The course was held over three days last weekend at the Aboriginal Gathering Place at ECUAD on Granville Island. Cheryl Samuel is a master weaver in the traditional First Nations' techniques of Chilkat and Ravenstail twining. These techniques allow one to create stunning, complex patterns and motifs with nothing more complicated than one's fingers and a warp hanging off a beam.
Cheryl Samuel has been a hero of mine since I discovered her book, The Chilkat Dancing Blanket, in the stacks at NSCAD. At the time, I was achingly homesick for the west coast and fixated on simple, portable textile technologies and connections to the land. I found comfort and inspiration in The Chilkat Dancing Blanket, and taught myself to twine by pouring over the encyclopedic illustrations and descriptions contained in it. I admire the detail and intensity of that book so much; it seems to me that thanks to her, the knowledge of these techniques will be safe now forever, even if every weaver were to pass away, because of the care with which she recorded them.
As for the techniques themselves, I love the fact that I don't need a two thousand dollar piece of equipment or another room in a house in order to practice them; a bamboo pole hung from hooks in the ceiling used to be my loom. I also love the graphic nature of the designs and the fact that they come from the same place I do.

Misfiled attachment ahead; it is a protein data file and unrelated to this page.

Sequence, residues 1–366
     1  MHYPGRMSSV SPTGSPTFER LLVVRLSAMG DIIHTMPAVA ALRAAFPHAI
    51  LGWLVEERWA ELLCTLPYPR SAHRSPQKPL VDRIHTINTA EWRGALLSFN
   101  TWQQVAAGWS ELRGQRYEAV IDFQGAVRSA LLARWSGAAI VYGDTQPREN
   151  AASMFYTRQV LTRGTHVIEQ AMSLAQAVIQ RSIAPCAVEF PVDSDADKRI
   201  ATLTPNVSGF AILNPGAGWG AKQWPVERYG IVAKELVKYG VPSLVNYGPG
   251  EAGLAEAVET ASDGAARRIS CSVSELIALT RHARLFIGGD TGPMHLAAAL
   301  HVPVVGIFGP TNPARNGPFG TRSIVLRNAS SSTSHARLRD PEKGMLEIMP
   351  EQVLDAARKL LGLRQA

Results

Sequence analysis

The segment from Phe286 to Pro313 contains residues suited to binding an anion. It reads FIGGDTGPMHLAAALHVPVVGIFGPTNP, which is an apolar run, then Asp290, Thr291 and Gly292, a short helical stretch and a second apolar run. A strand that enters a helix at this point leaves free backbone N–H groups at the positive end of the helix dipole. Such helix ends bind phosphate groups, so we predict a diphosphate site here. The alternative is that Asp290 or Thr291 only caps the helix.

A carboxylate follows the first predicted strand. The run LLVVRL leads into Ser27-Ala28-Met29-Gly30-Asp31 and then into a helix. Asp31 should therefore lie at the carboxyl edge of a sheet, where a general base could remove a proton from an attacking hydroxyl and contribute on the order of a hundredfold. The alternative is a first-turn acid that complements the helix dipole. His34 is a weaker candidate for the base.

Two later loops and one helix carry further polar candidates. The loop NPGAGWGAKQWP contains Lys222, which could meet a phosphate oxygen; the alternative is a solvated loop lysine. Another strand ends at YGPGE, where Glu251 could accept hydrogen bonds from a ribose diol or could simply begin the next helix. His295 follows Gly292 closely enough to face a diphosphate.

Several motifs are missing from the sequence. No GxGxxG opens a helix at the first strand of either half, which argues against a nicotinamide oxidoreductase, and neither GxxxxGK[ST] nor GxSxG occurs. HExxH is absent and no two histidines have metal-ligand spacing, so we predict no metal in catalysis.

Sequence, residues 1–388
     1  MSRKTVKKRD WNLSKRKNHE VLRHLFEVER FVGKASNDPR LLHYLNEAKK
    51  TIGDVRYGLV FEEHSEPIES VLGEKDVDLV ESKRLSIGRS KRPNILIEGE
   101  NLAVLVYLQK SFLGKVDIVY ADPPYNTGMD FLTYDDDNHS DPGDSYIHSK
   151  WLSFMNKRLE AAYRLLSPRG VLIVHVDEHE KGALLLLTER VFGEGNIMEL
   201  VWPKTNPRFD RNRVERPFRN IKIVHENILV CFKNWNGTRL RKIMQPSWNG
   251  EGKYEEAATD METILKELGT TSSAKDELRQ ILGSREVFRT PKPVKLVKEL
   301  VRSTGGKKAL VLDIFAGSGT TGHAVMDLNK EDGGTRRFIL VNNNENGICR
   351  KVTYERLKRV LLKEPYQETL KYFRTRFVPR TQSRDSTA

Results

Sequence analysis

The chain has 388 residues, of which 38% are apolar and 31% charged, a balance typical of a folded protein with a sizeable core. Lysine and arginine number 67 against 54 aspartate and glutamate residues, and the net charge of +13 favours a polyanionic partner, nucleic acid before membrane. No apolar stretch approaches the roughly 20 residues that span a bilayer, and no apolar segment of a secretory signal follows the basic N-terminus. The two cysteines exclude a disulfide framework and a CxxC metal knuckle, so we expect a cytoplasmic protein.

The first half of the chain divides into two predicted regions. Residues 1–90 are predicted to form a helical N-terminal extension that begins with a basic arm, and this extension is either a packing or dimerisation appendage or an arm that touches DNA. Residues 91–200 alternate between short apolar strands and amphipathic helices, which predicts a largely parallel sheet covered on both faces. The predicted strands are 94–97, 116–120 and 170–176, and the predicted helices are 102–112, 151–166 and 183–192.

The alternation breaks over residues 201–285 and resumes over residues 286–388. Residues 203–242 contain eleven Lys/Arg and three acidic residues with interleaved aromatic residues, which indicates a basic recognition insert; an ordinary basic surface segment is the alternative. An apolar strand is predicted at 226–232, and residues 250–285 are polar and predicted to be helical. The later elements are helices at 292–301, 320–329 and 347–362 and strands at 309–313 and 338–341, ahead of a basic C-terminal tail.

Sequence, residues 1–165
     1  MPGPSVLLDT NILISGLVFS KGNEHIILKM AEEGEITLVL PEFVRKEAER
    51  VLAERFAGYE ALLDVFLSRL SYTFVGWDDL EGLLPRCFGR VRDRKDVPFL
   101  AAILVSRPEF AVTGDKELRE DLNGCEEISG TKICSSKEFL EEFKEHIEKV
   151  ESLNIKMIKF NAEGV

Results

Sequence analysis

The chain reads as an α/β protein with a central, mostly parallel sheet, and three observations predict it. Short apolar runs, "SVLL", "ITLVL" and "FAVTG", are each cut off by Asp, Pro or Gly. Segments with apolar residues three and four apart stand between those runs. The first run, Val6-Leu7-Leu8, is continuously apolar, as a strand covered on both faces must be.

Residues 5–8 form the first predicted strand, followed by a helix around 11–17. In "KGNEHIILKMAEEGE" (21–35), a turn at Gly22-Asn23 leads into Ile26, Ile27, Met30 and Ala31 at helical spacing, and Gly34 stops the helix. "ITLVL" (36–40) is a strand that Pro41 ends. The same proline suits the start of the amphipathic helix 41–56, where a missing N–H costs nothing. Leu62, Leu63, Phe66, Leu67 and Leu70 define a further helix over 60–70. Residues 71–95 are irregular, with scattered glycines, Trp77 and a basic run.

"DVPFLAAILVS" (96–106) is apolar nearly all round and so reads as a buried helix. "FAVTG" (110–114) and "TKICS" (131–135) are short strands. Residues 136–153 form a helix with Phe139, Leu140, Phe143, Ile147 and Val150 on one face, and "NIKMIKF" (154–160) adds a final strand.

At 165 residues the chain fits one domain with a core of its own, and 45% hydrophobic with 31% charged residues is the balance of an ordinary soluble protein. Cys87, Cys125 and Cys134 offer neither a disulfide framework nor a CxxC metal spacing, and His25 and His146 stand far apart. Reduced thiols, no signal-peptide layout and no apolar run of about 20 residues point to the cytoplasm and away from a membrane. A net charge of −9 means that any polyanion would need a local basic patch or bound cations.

The workshop was amazing; the Aboriginal Gathering Place is a beautiful space that set the perfect tone; and Cheryl is an instructor of high calibre and high expectations. It was a pleasure to work in that atmosphere again.
I neglected to mention my previous twining experience at the introductions at the beginning of class, which I regretted when my speed and nice tension started to spread dismay among my classmates; but Brenda Crabtree, the Aboriginal Program Manager, and Cheryl made up for it by teasing me mercilessly, and we all had a good laugh.
I've just asked to join the Chilkat and Ravenstail Fb group; looks like there are some pretty precocious weavers in that group!
I'm not sure exactly how this fits in with my basketry, but it feels very 'right'. It'll be interesting to see where it goes.